Energy stocks have been on an incredible run over the past year, with many such names rallying in the face of the bear market. Indeed, energy has flexed its muscles after years of being outmuscled by almost everything else. With energy prices stabilizing in the US$80-90 range, many of the top producers could be in a spot to continue their outperformance relative to the TSX Index.
Indeed, the TSX Index has been given a nice jolt this year thanks to the run-up in energy stocks. Though chasing performance across various industries is never a good idea (nobody knows which industry will be top next year), I do think it’s unwise to dismiss all the energy plays solely due to their past runs.
Undoubtedly, many TFSA investors are likely scarred from chasing momentum plays (think tech stocks) in the back half of 2021. By chasing the gains, one left themselves vulnerable to considerable downside. Indeed, some tech stocks shed well north of 80% of their value from peak to trough. Some innovation stocks lacking in fundamentals actually shed more than 90%.
It’s dangerous to blindly chase momentum. However, in the case of energy stocks, valuations continue to be attractive. You see, many of the speculative tech stocks that folded this year didn’t even have price-to-earnings (P/E) multiples to go by. Their valuations were a giant question mark. And without earnings, it was incredibly difficult to determine the right price to pay.
The case for buying energy stocks on strength
When it comes to energy stocks, P/E multiples remain depressed, with some top producers trading at single-digit P/E multiples.
P/E multiples may indicate “false value” if oil prices tank well below current levels going into the new year. Severe recessions tend to accompany weak demand for all sorts of energy. While energy could plunge as it did in 2014, I’d argue that for investors lacking any energy exposure that it’s worthwhile to jump into the top producers at today’s prices. If not for resilient, growing dividends, for the hedging benefits in an environment that continues to be inflationary.
Some smart minds (think Warren Buffett) are betting big on their favourite energy producers. While the value may not be as deep as their P/E multiples suggest, I still think they’re more than able to improve a portfolio’s risk/reward going into a recession year.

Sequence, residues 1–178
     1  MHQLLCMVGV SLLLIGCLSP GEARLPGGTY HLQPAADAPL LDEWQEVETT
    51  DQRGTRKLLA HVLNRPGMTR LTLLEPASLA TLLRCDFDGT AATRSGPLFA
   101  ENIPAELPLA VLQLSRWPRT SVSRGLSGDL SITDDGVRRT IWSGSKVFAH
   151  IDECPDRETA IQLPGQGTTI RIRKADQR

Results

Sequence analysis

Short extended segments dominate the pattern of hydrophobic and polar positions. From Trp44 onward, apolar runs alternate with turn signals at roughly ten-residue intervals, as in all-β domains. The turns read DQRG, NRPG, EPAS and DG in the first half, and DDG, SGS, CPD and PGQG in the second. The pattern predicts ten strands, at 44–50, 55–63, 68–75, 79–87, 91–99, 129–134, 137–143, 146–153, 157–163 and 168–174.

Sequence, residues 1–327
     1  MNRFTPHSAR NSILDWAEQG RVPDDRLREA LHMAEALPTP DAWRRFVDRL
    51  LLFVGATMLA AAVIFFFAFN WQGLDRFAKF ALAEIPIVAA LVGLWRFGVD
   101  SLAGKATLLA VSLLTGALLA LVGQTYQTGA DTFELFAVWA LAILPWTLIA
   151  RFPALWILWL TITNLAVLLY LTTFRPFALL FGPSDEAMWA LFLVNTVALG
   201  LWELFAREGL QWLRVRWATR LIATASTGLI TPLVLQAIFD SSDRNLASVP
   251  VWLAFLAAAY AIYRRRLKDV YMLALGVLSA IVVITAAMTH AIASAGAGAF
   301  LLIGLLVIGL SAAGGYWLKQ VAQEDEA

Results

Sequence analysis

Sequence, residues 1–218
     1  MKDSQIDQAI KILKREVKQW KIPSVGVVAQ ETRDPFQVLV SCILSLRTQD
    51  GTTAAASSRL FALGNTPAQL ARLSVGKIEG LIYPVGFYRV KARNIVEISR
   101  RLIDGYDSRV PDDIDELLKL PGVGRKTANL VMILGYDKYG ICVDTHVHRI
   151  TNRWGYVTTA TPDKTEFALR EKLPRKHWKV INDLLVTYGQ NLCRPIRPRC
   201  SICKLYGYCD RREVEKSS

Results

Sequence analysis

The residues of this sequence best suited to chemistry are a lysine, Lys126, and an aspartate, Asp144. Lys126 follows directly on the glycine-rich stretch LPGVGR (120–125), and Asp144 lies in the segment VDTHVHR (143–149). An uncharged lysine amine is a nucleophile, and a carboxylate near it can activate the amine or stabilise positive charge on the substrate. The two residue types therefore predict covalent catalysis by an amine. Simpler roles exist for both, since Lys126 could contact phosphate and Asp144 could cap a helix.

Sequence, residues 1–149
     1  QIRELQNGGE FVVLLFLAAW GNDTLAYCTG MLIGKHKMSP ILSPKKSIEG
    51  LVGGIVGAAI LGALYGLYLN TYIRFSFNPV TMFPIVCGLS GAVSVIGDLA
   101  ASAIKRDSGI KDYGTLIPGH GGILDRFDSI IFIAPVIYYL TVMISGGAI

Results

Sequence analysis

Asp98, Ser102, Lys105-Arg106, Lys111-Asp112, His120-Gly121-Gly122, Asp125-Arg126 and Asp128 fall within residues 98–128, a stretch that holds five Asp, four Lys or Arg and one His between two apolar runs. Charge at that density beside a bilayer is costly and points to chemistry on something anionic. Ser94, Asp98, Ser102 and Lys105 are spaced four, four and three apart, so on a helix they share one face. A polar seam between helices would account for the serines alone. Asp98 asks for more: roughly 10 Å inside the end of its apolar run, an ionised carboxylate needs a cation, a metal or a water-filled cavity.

Canadian Natural Resources
Canadian Natural is an energy top dog that’s just 7% from making new highs. The $89.8 billion energy kingpin trades at an absurd 7.9 times trailing P/E.
Despite soaring more than 55% over the past year, CNQ stock remains a terrific value assuming energy prices stay resilient going into 2023. Even if oil slips, CNQ has proven time and time again that it can manage through difficult times. The real question is how much ground the stock can run if the good times (higher energy prices) last for longer than the pundits expect.
With a 4.2% dividend yield and an improved growth runway, the stock is tough to pass up.
Cenovus Energy has a smaller dividend yield (1.5%), but more upside in a scenario that sees oil prices stay elevated for longer. CVE is quite price-sensitive, but in today’s environment, that’s a good thing. The stock’s down around 10% from its high just north of $30 per share. Though the dividend leaves a lot to be desired, it’s subject to the greatest growth if it turns out oil’s run has yet to enter its later innings.
Cenovus is a great TFSA hedge for investors willing to deal with excess volatility.
Before you consider Canadian Natural Resources, you’ll want to hear this.
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See the 5 Stocks
* Returns as of 11/4/22
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Fool contributor Joey Frenette has no position in any of the stocks mentioned. The Motley Fool recommends CDN NATURAL RES. The Motley Fool has a disclosure policy.